Most folks have never had a reason to microwave a grape, because why would you. But if you did cut a grape into half and plop it into the microwave, it would spark and begin to spit out bright plasma. It’s a strange, mysterious phenomenon, and sciences have finally figured out why it happens.
Physicists at Concordia University experimented with microwaving a variety of grapes, as well as other round grape-like objects like hydrogel bead, cherry tomatoes, and water-filled quail eggs. They proved that any of these objects behave the same way in the microwave. The grapes don’t even have to be cut for it to work – two peeled grapes side-by-side will also ignite.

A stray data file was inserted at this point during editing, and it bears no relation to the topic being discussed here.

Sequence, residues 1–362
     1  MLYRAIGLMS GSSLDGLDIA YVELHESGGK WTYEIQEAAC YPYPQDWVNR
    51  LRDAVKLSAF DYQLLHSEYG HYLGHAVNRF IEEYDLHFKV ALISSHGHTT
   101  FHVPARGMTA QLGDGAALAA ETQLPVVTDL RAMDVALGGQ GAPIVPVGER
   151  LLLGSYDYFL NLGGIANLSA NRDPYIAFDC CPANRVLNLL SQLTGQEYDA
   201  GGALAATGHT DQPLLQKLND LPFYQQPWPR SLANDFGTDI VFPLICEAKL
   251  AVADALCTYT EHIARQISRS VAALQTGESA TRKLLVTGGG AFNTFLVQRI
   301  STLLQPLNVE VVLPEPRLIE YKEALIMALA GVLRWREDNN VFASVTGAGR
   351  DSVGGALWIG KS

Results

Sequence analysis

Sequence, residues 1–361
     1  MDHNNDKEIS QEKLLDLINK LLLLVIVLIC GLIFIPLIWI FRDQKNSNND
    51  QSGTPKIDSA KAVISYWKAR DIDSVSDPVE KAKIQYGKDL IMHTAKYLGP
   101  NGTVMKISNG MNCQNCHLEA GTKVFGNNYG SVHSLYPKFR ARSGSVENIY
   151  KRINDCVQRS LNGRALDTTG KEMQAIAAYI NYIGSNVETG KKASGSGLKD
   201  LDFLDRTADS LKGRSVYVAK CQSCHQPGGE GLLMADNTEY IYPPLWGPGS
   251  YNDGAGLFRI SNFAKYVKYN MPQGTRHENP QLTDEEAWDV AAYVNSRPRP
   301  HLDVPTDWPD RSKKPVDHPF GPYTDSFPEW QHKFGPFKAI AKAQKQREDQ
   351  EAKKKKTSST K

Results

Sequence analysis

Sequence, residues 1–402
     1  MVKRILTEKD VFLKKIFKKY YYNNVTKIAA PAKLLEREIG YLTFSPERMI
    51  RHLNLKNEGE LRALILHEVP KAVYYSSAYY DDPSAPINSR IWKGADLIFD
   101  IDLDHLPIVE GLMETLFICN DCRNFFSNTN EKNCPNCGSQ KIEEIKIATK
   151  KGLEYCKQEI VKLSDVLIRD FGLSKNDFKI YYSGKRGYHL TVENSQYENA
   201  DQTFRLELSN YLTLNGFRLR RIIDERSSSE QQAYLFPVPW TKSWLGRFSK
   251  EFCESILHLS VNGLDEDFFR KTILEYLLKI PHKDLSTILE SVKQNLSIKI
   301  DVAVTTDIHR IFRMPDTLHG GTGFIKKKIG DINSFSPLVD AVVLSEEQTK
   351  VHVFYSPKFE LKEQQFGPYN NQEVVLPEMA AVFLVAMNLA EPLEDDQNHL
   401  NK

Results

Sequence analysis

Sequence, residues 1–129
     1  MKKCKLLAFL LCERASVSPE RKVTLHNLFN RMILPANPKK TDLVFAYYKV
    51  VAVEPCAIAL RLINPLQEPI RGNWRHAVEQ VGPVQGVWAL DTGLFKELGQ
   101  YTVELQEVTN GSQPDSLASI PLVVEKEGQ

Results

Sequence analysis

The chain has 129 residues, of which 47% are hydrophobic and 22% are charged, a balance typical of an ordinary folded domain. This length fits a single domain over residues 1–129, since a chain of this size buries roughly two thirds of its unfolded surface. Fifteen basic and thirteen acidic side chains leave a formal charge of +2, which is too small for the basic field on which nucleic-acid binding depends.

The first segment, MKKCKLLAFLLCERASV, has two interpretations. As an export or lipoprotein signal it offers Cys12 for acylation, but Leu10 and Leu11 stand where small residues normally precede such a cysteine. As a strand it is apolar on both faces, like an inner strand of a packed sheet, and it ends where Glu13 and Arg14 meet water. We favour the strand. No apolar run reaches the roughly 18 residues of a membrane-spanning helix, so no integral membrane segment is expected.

Several years and 12 dead microwaves later, the team settled on a theory. Grapes are made mostly of water, which reduces the wavelengths of microwaves. The microwaves become so small that they’re smaller than the grape.
“Microwaves can get trapped inside the grape,” study author Pablo Bianucci explained. And when two peeled grapes are side-by-side, the waves “hop” from one to the other.
“This hopping results in a very strong electromagnetic field in between the grapes,” he said. That field ionizes the sodium and potassium ions in the grapes… and boom – fireworks.